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#TWSTaste thread: Members’ Favourites, 13th September



Hi everyone.
While we won’t be kicking off the tasting until 8pm, last time out it was felt that getting the introductory blurb about the wines out earlier would help matters flow more freely during the tasting itself. Also, I’m not around tonight to post it at 8pm, so …

Muscadet Sèvre-et-Maine sur Lie, Domaine des Ratelles 2016, abv 12%, £7.50/bottle

It all started in 1948 with 4 ha and Gustave Vinet.

Gustave Vinet

It grew slowly over the years and in 1981 Gustave’s son Gérard took on what was by then 8 ha. Brother Daniel joined him in 1985, and his wife in 1990. Daniel tends the vines and winemaking is carried out by Gérard.

Daniel and Laurence Vinet

Nowadays, the estate has 55 ha of vines in two different sub-zones – 46 ha in La Haye Fouassière and 9 in Château Thébaud, in the very heart of the Muscadet Sèvre et Maine. Located only 15km south of Nantes, the winery is situated in La Haye Fouassière, which is where the appellation has its origins. The vineyards are on the banks of the Sèvre and the Maine, the two rivers the appellation took its name from.

So where are we exactly?


The Vinet winery at La Quilla in La Haye Fouassière

Domaines les Ratelles comes from some of their best plots around La Haye Fouassière totalling 15 ha The harvest generally begins in early September. The soil is sandy, with quartz pebbles (that help retain summer heat) over gneiss and clay of different grades. The grape variety is, of course, like all Muscadet, melon de Bourgogne.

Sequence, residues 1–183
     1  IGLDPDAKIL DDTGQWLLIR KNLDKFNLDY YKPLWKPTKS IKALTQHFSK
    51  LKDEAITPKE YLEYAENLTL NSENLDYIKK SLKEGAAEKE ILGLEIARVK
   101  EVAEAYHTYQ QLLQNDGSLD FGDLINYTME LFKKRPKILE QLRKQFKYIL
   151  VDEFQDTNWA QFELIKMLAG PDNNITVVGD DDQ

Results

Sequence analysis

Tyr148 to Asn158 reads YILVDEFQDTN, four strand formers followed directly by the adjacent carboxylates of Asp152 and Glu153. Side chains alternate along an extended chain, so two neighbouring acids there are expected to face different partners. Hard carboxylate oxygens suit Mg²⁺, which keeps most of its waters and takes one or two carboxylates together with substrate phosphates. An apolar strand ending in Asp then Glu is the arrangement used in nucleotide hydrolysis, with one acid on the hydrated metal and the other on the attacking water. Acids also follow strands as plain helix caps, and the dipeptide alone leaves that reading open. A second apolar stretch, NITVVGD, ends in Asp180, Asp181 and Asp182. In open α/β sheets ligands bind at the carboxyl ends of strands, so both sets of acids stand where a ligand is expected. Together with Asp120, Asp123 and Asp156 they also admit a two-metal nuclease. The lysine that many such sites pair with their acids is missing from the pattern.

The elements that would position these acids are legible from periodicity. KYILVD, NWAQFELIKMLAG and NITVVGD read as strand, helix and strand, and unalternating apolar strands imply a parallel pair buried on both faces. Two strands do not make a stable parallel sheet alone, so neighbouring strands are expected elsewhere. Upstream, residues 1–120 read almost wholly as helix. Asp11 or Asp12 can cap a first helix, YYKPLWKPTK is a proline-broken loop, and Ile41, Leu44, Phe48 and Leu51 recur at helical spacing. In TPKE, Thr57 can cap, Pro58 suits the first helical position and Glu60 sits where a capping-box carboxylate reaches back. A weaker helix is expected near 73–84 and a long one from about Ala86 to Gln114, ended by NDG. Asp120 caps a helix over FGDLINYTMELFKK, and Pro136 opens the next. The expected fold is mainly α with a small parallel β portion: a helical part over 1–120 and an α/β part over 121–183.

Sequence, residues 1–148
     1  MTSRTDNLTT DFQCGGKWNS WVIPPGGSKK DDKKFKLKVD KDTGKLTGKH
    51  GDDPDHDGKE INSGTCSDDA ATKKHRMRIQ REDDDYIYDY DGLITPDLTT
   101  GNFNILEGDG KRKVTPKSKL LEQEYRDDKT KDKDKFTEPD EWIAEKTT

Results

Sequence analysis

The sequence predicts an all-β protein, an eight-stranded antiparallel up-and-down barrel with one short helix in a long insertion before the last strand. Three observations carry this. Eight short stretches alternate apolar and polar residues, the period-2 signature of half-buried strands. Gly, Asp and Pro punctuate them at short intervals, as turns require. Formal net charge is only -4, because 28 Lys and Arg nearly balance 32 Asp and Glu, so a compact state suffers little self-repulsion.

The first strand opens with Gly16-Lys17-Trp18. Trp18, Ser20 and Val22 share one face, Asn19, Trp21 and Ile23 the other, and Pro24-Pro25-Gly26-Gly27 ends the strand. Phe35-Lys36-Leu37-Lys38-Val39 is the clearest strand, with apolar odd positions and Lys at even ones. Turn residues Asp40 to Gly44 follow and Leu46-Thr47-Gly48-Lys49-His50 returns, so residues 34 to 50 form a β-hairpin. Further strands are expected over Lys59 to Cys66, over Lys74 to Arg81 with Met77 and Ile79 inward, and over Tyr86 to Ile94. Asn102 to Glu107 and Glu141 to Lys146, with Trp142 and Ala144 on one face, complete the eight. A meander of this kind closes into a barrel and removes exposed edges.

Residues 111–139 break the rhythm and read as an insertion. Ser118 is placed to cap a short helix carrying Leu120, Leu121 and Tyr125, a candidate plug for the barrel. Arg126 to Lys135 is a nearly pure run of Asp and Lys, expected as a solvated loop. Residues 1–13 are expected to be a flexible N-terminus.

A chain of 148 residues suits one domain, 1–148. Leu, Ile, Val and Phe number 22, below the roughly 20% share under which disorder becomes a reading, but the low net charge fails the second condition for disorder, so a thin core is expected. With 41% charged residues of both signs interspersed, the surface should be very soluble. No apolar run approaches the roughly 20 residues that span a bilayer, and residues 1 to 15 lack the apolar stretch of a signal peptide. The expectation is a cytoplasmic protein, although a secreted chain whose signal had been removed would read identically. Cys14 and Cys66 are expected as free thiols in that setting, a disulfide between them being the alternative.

The wine is made in the usual way, followed by six months ageing on the fine lees, bottled at the domaine and released in the June following the harvest. The Vinets say it should be served at 11˚C (precise or what!?), and can be drunk up to 5 years after harvest. Perfect as an aperitif or with fish in sauce, such as pike in a beurre blanc sauce.
A Fistful of Schist Reserve Shiraz-Cinsault-Mourvèdre, Swartland 2017, abv 14%, £5.95

Nestled in the picturesque Riebeek Valley, tucked up against the slopes of the majestic Kasteelberg, on the outskirts of the charming town of Riebeek Kasteel in the Cape’s long-established (and now trendy) Swartland region. lies Riebeek Cellars, a co-operative wine business (comprising some 40 members).



The vineyards of the Riebeek Cellars growers lie in a richly diverse area in terms of soil, climate and topography. Vineyards are situated at heights that vary from 60 m above sea level to 300 m against the slopes of the Kasteelberg mountains.